But my musings on this subject are elementary compared to David Gumpert, a journalist and author who writes a lot about health care issues. My husband reads Gumpert's blog religiously, and as of late, most of his posts have to do with raw milk or small farm dairy issues. There are several cases of state regulators going after small farmers who sell directly to the consumer -- and not because anyone ever became ill from their milk. I can never figure out exactly why state regulators go after independent farmers, except for the oh-so-obvious bottom line. Giant corporations donate big bucks to politicians; small farmers don't. Giant corporations can hire lobbyists and scientists to make their opinions sound credible; small farmers can't.

Of course, reading about all these food recalls just makes me happy that we grow so much of our own food. With the tomato plants producing by the bushel, it's time to make more salsa. We finished the latch batch in about two days. My recipe varies, depending upon exactly what I get from the garden, but as requested by a couple readers, I'll post a recipe and pictures tomorrow.

3 comments:

Kara said...

Deborah,
What is your take on the safety of raw milk? We just got a Saanen doe. I'll check the info on your web sight and see if you talk about it there.

Thanks!

Deborah said...

We've been consuming raw milk for six years with no adverse affects -- and no, no one has had any unexplained nausea, vomitting, diarrhea, etc in the past six years. We've very healthy. I was once told by a doctor that we probably just didn't recognize the symptoms of food poisoning.

The reason they started pasteurizing milk was because people were getting tuberculosis from cow's milk. I think every state in the US is now certified TB free except for Michigan, and there it is only in deer, which theoretically could give it to goats or cows. If you wanted to be on the safe side, you could have your goat tested for everything (TB, CAE, Johnnes, brucellosis, CL, etc).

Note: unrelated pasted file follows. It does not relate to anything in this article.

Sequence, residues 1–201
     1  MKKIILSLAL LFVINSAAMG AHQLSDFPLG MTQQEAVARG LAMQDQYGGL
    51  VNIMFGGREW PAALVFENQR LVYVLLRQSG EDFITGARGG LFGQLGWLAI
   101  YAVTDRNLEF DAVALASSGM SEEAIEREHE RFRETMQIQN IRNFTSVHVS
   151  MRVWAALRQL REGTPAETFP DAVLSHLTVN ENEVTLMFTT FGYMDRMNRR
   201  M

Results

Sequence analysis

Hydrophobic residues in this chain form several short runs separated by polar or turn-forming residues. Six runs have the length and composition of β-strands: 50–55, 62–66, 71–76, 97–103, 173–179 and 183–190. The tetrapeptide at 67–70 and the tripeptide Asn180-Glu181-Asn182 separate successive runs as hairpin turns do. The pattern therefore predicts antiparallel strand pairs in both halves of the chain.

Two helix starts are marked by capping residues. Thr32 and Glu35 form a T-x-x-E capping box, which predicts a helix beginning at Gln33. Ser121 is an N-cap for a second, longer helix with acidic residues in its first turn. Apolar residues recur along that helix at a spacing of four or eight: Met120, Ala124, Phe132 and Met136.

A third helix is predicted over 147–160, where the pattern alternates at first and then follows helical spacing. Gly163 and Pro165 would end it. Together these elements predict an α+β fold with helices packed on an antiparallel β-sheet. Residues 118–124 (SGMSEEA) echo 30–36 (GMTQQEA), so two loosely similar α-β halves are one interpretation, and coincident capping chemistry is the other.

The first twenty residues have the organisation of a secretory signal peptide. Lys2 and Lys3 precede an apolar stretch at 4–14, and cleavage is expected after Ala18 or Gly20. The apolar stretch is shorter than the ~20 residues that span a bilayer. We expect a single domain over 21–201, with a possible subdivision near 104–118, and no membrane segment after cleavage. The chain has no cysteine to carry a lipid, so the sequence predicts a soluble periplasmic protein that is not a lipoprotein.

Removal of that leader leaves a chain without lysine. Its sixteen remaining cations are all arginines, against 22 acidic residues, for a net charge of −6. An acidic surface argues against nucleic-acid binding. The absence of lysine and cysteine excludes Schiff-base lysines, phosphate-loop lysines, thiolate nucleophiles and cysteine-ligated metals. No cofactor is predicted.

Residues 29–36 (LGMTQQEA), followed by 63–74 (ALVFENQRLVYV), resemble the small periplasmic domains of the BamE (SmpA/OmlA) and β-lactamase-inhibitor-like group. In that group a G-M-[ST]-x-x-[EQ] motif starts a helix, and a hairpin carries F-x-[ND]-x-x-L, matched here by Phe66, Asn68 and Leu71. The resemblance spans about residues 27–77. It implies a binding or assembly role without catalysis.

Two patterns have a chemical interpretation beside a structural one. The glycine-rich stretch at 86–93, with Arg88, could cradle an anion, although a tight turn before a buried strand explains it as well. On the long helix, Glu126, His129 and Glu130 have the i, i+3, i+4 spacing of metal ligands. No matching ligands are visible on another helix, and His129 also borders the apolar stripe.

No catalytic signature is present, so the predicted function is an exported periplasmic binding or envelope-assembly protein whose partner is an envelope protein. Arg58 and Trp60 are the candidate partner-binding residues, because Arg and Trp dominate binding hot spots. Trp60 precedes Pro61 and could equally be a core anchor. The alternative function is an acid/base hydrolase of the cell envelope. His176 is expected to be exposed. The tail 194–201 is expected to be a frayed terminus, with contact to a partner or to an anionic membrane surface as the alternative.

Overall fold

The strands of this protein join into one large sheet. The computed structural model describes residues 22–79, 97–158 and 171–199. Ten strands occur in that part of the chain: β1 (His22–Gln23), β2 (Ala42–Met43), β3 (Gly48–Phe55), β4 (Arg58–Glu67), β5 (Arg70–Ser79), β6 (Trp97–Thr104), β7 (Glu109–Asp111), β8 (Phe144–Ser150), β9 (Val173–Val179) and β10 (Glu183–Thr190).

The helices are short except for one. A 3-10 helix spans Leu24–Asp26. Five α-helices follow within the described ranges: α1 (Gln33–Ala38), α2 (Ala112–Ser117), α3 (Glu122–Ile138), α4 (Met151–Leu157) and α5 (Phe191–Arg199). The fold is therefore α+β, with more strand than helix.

When we run low on milk, we have also bought raw milk from a cow dairy 45 minutes away from us. I would much rather get their milk than the milk from the store. After six years of consuming and using FRESH milk, I am a milk snob -- if it's more than about 3 days old (goat or cow), I can't stand it.

When making most cheeses and yogurt, you must use milk that is either raw or has been pasteurized at only 145 degrees. That ultra-pasteurized stuff in the store (270 degrees) is dead, dead, dead and incapable of supporting any life (cultures) at all.

The blog I mentioned has lots of info on the politics of raw milk across the US. I know from speaking with the IL Dept. of Ag that those people know absolutely nothing about cheesemaking, but they quote the laws like gospel, even though they make no logical sense to a person who actually makes cheese.

Deborah said...

About the temperature thing ... if I accidentally overheat milk on my stove, I use it for queso blanco or ricotta. Now, if I had that $15,000 pasteurizer, I could set it for 145 degrees. There are home pasteurizers that sell for a few hundred dollars, but they're not good enough for the government.

By the way, I will admit that the first few times I used raw milk, I sat back and held my breath, just waiting for one of us to start puking.

Now we really live dangerously. Sometimes I even make ranch dressing using buttermilk (made from raw milk) and homemade mayo (made with raw eggs)! The funny thing is that 20 years ago, I used to make my own mayo using store-bought eggs. I wouldn't do that again.

LinkWithin

Related Posts with Thumbnails